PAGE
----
FCCs on T7, T14
Jana Irmert is a composer from Berlin who has collaborated with Jóhann Jóhannsson, Christopher Chaplin and other artists that blend music with film and visual media. While this 2017 release is a stand-alone album, Flood surely summons rich imagery with its mix of field recordings and electronic sounds: a vision of massive walls of ice meeting a slow thaw. We hear the ice breaking and cracking, its melt flowing into the oceans. The catastrophic process is overseen by an outside consciousness that pulses from above, as if to sound a warning. It unfolds in three parts: a 22 minute track, a shorter interlude, and a final long form piece. Though quiet and slow moving, there’s movement and detail that keep Flood consistently engaging throughout, an impressive feat. Our first release from the Vienna experimental label Fabrique.
French sound artist Bérangère Maximin transforms an assortment of instruments – percussion, small objects, synths, guitar, and voice – into the Land of Waves on her sixth album. Over two LPs, we visit the imagined corners of this strange land, starting with its terrain: the underground drones and gemlike synths on “Day 41” (A1), idiophonic melodies emanating from deep caverns on “Kalimba Rough” (A2), the swarm of tremors on “The Broken Shoe” (A3). The B side sets out on a night time walk through an unusual wilderness, its sounds of glowing insects, wind-up birds, leaping fish, calls of owls and other unidentified creatures beaming through the darkness. “L’Echappee” (C1) begins at the edge of a dock before unmooring, drifting into a shadowy sidelong journey. The final D side holds some of the most exciting and varied tracks: “Walking Barefoot: Imaginary Quintet” (D1, a collaboration with Fred Frith on guitar and the Swibeckico Quartet on electronics) an eerily beautiful techno piece, “Des Tigres Multicolores” (D2) with its jeweled tones, purrs and growls, and closer “The Thread” (D3) where the most familiar of sounds, like a cell phone notification chime, are absorbed into Maximin’s dreamworld. More of her previous work can be found in our library, here and here.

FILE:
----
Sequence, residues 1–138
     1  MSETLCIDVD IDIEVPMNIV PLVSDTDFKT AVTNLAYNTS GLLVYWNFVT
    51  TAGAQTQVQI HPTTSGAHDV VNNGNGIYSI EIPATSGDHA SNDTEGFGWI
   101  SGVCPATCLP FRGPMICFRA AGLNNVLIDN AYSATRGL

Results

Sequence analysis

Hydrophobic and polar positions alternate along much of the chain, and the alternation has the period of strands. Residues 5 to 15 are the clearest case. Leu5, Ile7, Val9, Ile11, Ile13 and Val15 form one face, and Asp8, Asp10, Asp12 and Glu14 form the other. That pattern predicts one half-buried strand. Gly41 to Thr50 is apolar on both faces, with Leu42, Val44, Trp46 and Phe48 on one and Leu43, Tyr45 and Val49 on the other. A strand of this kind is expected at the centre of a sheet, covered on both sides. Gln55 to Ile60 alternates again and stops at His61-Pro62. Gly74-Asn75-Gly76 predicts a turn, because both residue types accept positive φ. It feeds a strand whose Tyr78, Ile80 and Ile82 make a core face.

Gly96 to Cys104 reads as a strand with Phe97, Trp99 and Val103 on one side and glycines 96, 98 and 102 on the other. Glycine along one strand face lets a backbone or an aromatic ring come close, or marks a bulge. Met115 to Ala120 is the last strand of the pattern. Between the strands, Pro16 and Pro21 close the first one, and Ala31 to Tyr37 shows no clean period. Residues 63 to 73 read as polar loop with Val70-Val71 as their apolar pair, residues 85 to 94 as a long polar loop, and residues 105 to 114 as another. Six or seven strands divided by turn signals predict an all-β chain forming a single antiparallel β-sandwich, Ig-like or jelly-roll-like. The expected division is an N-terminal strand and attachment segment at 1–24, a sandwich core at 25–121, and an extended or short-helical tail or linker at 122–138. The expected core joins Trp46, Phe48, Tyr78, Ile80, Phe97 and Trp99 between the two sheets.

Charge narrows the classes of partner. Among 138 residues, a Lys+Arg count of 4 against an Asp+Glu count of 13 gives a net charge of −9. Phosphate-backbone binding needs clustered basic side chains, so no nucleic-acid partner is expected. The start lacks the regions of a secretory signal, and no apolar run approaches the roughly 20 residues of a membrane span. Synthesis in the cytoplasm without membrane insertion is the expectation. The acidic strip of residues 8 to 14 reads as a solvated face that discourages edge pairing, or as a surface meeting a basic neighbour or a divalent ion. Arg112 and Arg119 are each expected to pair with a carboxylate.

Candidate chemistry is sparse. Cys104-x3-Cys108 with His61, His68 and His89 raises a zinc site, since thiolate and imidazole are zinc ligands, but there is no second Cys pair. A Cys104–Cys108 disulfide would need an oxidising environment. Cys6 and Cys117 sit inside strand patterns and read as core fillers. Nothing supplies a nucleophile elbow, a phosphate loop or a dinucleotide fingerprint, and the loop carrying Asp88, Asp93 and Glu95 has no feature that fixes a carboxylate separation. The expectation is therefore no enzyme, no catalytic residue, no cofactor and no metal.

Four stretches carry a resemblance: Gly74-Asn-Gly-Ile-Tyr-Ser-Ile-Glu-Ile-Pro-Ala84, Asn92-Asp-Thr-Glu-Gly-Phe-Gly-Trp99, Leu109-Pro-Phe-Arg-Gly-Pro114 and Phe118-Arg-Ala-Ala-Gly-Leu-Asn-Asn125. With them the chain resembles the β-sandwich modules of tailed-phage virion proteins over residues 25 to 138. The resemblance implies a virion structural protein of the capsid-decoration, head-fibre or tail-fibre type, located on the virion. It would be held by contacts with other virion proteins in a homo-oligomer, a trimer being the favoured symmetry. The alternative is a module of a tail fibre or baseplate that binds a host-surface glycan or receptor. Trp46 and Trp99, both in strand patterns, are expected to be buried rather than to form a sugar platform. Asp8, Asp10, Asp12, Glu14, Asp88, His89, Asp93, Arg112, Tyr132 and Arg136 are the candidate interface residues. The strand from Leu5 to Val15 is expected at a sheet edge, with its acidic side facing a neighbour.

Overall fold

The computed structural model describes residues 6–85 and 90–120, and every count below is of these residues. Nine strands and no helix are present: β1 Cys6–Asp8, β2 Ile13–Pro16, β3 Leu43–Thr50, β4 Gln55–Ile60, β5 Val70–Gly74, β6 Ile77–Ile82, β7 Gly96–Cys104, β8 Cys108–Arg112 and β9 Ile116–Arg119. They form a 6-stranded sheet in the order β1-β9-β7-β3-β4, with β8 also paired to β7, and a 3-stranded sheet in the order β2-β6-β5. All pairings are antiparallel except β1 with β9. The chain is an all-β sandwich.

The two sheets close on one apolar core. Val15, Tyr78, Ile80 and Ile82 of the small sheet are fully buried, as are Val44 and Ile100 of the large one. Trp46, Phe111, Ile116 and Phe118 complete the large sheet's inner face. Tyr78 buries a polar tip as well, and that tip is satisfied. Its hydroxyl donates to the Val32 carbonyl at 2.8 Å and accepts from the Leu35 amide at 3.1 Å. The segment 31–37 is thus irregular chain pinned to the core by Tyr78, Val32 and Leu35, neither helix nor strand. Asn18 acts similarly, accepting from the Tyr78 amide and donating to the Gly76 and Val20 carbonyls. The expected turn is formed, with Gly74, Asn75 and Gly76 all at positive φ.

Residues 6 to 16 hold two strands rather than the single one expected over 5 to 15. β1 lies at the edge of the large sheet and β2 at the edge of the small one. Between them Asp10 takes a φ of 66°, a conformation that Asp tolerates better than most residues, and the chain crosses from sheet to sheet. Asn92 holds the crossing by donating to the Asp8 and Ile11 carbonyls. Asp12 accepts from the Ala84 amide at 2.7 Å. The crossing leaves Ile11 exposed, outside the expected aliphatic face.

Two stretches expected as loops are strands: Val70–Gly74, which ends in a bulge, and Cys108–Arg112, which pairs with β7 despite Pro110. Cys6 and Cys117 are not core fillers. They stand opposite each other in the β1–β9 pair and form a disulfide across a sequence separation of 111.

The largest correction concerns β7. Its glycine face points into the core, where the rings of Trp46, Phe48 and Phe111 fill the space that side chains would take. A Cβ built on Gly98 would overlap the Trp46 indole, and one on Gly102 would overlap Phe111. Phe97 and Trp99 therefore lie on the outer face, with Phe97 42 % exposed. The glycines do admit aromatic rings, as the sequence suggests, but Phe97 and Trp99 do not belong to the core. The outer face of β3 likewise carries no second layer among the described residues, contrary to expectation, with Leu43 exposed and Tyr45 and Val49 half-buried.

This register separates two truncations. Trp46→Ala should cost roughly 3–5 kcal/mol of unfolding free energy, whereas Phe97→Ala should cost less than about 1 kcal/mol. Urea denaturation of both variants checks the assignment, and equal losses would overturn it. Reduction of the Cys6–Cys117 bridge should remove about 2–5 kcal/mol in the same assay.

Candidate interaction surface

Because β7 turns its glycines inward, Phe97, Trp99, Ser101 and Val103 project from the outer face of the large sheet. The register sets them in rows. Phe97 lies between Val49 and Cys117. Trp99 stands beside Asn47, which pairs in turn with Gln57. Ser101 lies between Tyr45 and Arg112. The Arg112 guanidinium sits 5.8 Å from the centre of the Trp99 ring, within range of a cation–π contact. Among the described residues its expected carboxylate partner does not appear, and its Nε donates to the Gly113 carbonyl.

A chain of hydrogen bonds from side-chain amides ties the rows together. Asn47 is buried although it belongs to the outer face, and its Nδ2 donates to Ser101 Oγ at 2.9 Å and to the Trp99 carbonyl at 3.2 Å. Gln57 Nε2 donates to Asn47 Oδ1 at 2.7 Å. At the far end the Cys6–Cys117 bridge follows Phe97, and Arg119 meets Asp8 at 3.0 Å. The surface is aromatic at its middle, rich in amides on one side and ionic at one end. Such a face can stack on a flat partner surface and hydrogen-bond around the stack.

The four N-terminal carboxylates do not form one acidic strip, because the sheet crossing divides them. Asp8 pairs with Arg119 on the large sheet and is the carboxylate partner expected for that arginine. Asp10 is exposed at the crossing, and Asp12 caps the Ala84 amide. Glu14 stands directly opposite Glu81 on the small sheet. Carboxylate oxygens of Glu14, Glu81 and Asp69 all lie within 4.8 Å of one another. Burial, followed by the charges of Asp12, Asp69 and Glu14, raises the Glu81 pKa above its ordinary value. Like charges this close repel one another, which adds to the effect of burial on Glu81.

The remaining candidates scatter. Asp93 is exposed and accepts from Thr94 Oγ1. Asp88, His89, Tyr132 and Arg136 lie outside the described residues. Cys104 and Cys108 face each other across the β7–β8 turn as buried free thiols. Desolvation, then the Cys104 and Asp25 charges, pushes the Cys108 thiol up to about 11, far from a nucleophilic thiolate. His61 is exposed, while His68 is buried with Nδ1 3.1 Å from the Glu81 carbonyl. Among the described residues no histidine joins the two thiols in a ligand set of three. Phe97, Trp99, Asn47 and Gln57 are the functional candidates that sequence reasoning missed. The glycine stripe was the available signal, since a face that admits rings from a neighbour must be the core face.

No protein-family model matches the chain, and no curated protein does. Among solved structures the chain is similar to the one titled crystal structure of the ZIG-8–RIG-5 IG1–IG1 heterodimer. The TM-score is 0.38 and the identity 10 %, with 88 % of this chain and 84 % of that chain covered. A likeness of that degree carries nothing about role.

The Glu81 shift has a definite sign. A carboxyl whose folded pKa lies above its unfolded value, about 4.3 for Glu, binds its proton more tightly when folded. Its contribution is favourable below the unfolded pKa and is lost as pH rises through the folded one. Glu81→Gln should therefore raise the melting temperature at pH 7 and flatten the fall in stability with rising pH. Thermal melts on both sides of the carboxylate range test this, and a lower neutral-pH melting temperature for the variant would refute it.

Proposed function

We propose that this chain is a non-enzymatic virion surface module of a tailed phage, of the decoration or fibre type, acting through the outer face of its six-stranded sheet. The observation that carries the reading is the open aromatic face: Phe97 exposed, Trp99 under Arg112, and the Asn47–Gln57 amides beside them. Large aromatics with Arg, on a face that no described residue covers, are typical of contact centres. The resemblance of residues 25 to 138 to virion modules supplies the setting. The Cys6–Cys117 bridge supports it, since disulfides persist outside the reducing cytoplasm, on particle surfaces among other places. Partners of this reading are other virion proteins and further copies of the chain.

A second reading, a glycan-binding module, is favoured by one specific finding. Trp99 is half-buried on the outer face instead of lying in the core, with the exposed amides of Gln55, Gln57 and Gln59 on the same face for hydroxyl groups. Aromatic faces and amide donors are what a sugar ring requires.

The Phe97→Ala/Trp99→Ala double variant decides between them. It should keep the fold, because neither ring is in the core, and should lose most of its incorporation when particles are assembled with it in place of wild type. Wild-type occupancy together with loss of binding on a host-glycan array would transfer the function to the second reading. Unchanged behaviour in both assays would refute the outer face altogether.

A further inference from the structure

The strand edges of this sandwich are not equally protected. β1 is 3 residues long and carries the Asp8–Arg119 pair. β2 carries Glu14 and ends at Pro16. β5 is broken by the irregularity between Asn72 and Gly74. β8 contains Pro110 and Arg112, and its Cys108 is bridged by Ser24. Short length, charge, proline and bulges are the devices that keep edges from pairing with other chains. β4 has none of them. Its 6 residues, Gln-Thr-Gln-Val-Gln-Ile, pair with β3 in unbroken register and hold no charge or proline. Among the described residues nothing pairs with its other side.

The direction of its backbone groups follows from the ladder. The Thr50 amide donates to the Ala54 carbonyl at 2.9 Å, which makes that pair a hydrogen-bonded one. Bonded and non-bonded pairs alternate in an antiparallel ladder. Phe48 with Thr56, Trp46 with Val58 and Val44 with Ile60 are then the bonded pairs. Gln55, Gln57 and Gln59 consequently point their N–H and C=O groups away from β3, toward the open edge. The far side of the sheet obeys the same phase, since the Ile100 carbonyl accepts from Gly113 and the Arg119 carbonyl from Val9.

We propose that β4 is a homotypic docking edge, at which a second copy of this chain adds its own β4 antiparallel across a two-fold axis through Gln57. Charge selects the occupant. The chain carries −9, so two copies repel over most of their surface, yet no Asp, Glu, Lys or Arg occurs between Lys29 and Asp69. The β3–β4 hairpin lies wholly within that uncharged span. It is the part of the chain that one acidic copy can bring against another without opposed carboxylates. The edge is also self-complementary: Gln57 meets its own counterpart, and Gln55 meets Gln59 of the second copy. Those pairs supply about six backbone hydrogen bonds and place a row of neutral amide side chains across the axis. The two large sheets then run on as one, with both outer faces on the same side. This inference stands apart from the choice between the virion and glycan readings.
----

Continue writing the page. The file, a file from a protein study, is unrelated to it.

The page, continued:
Evicshen is Victoria Shen, a sound artist working in Somerville, Mass. Shen began working with analog modular synths as an intern at Jessica Rylan’s Flower Electronics (Rylan’s work as Can’t most certainly can be found in our library), and later incorporated other homemade electronic instruments into her work. On Hair Birth, her first full-length LP, Shen extracts vivid psychedelic dreams from the Buchla 100 and Serge Modular synthesizers. Sustained tones, rhythmic sparks, blasts of coarse static, and bright electronic fizz all flow from the cables, and from the waves of synthesis her voice, distorted with effects, surfaces. Whirlwind tones and maniacal voices cast a dizzy spell “Funhouse Mirror Stage” (T4), and a creeping menace takes root on “Bolete” (T5). We’re flung along the twists and turns of the “Lissajous” (T6) before the final slow build to a “Fever Pitch” (T7). A wild ride, released on the Chicago experimental label American Dreams.